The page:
Get access

Sexual orientation harassment in the workplace: When do observers intervene?


  • Note added on 10 October 2011, following online publication on 27 July 2011: Tables and report OLS regression analyses, not logistic regression analyses as stated. Reanalysis of the data using logistic regression results in no changes in the conclusions regarding any of the hypotheses or any of the conclusions regarding the significance of any of the variables. An addendum to this article appears as “Ryan, A. M., & Wessel, J. L. (2011). Addendum to Sexual orientation harassment in the workplace: When do observers intervene? Journal of Organizational Behavior, doi: 10.1002/job.787,” where we provide the results of a comparative logistic regression analysis.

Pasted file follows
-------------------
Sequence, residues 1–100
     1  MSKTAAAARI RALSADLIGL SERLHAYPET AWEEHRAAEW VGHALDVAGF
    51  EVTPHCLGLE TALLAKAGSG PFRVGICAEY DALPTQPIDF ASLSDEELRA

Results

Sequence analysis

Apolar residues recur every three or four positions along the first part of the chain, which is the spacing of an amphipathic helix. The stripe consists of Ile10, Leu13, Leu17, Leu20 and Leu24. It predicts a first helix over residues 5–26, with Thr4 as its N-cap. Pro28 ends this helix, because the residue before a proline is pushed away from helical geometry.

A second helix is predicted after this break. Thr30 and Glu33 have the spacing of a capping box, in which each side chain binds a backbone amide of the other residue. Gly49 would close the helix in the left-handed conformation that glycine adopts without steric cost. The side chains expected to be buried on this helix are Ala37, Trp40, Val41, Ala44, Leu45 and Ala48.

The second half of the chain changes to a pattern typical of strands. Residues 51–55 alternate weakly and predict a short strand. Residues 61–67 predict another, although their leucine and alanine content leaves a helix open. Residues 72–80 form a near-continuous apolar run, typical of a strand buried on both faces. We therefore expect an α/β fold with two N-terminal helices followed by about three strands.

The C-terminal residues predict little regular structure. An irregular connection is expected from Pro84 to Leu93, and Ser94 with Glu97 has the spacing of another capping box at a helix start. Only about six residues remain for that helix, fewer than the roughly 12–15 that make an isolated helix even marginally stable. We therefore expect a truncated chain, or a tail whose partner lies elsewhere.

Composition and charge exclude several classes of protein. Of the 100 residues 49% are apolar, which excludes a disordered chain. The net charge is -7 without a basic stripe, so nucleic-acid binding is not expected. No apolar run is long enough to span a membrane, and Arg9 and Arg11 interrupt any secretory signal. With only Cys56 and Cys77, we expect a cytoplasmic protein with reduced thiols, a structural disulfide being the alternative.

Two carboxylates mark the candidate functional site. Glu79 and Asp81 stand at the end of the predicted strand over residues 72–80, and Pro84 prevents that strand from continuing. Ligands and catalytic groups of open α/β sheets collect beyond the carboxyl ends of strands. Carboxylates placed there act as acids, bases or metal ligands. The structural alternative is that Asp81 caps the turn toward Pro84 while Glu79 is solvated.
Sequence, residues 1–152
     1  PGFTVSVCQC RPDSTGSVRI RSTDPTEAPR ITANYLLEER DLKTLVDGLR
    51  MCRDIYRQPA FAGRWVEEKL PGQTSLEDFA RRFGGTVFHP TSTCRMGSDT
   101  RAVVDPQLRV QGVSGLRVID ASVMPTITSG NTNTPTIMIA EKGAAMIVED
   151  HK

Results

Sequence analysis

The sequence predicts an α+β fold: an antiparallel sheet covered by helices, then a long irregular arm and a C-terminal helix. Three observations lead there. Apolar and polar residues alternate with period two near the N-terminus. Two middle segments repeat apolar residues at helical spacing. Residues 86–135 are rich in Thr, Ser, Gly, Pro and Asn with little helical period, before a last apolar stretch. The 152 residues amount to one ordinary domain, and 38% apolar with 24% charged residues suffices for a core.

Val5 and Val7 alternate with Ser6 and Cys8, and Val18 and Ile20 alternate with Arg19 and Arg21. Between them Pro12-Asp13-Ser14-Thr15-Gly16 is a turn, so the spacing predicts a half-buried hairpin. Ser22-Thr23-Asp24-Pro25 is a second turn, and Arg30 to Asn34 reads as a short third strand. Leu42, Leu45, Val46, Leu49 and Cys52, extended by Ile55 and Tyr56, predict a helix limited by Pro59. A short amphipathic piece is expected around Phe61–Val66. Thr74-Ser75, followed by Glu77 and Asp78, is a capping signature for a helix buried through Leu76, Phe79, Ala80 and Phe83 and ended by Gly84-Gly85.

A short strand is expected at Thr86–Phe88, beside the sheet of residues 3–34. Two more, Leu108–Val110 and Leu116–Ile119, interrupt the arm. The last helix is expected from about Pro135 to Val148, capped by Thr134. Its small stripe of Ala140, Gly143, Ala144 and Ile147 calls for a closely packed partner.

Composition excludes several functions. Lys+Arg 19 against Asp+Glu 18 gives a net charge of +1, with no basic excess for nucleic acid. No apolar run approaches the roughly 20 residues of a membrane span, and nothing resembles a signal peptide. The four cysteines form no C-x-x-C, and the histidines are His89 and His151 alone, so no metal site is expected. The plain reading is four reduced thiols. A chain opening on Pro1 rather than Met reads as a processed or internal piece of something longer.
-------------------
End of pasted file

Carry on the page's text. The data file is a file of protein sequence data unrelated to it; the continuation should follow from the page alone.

Ann Marie Ryan, Michigan State University—Psychology, 333 Psychology Bldg, East Lansing, Michigan 48824, U.S.A. E-mail:


Little is known about when and why observers of harassment incidents choose to intervene. On the basis of a model of observer intervention by Bowes-Sperry and O'Leary-Kelly (2005), we examined situational (directness of harassment, relationship to target, knowledge of target orientation, recurrence beliefs) variables as potential predictors of observer decisions to intervene when witnessing sexual orientation harassment. We also examined how costs and benefits analysis and recurrence beliefs relate to the level and immediacy of involvement. Relationship to the target, directness of the harassment, recurrence beliefs, knowledge of target orientation, and costs evidenced some connections to the nature of intervention. We discussed implications for organizations. Copyright © 2011 John Wiley & Sons, Ltd.